Thursday, 16 February 2012
Malvinas or Falklands?
Nobody needs to ask where conservatives stand on the sovereignty of the Falkland Islands. They don’t exactly hide behind the fact that they want the territory to remain staunchly British. Not necessarily because most Falkland islanders want to be British, which they do of course, but for reasons similar to that which led many of them to oppose the end of colonialism last century. In other words, the more territory that belongs to the crown, the better.
As for the Left, I hardly think I am putting my neck on the line if I say that majority opinion would be very much opposed to any military action to defend British control of the islands. Sean Penn probably echoed the sentiment of most left-liberal types when he said this week that Britain was “colonialist” for refusing to hand over what he called “the Malvinas Islands of Argentina”.
The attitude of Penn is not new of course; and the instinct – that of a deep suspicion of the motivations of the British state – is a sound one. British colonialism’s record of ceding power to the demands of popular movements seeking self-determination is not exactly a beacon of enlightened thinking, by any stretch of the imagination.
That being said, an over-heightened suspicion of “imperialism” has also been known to lead a person down a political dead end from time to time. In 1982, despite the fact that the Labour leadership supported Margaret Thatcher’s intervention in the Falklands and the Argentinian invasion was signed-off by the thuggish military junta of General Galtieri, the majority of the Left enthusiastically denounced military action on the basis that Britain was an “imperialist” country. Little was said about Argentina's claim to the Falkland Islands, itself based on a few years of formal possession a century and a half ago, and less was said about the attitude of the islanders themselves – one might think the most important consideration in the whole affair.
Today in progressive circles, there is a strong emotional attachment to the idea that Argentina, rather than Britain, has the only claim over the islands deserving of support. This belief is not based on any evidence of historical injustice towards Argentina – that country’s claim is even more flimsy than Britain’s – but rather on an emotional exchange in the mind of the progressive of one chauvinism for another. The superior virtue of the oppressed, it was once called; or in this case, the superior virtue of any nation that isn’t their own.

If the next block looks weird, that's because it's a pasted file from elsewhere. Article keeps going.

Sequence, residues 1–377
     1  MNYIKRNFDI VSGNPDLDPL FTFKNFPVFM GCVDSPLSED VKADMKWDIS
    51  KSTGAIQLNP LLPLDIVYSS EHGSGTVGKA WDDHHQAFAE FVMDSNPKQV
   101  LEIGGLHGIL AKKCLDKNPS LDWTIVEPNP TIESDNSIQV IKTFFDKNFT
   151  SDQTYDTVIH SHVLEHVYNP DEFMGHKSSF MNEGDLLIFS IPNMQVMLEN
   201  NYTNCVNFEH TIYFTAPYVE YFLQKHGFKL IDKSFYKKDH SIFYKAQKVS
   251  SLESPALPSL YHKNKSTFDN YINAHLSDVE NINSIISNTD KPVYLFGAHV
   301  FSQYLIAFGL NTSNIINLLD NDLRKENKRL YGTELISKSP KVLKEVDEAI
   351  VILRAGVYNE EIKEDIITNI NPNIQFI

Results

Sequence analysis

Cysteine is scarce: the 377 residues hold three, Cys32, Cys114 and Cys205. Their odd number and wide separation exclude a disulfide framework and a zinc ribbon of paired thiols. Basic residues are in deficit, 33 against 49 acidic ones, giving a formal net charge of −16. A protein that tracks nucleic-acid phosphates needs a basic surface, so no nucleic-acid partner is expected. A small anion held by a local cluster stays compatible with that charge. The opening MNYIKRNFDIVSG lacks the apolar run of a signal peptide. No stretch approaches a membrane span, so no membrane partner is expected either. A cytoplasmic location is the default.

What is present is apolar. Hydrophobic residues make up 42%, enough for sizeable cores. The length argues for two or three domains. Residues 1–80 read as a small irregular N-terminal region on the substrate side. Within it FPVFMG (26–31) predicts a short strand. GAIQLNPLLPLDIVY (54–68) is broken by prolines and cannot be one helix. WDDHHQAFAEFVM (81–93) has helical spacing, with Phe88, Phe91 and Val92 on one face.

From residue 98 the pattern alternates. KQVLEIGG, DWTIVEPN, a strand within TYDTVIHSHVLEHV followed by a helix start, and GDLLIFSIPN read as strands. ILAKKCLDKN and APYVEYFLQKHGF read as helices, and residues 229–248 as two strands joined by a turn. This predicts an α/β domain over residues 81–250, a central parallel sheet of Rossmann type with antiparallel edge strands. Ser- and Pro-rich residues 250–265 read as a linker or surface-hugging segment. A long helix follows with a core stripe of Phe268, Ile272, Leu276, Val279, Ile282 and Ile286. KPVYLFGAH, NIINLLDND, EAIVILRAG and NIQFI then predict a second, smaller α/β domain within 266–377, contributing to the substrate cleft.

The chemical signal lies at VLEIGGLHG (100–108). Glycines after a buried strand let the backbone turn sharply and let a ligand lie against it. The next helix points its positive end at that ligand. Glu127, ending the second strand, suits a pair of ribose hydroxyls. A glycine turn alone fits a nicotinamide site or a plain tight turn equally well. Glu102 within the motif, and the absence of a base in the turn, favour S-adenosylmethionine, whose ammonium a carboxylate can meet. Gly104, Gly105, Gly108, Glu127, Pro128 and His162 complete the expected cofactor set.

This sort of thing highlights another problem the contemporary Left has – outside of opposition to intervention, what does it actually stand for overseas? Democratic self-determination of small peoples, or theorising about which country is the most “imperialist” based on a particular reading of a 100-year-old dog-eared text?
It hardly needs reiterating that British interest in the Falkland Islands is almost certainly not based on altruism – there is increasing talk of an oil windfall from the seas surrounding the islands – but what on earth gives a person the impression that Argentina’s motivations are any less grubby?
The sensible option, it would seem, would be to ignore politicians on both sides of the squabble and ask the islanders what they want. If they reply with the same answer they have been giving for many years - that they would like to remain British – people such as Sean Penn are more than entitled not to like that answer, but they must, at the very least, come up with a good reason as to why the islands belong to Argentina instead. And I’m afraid romanticism just won’t do.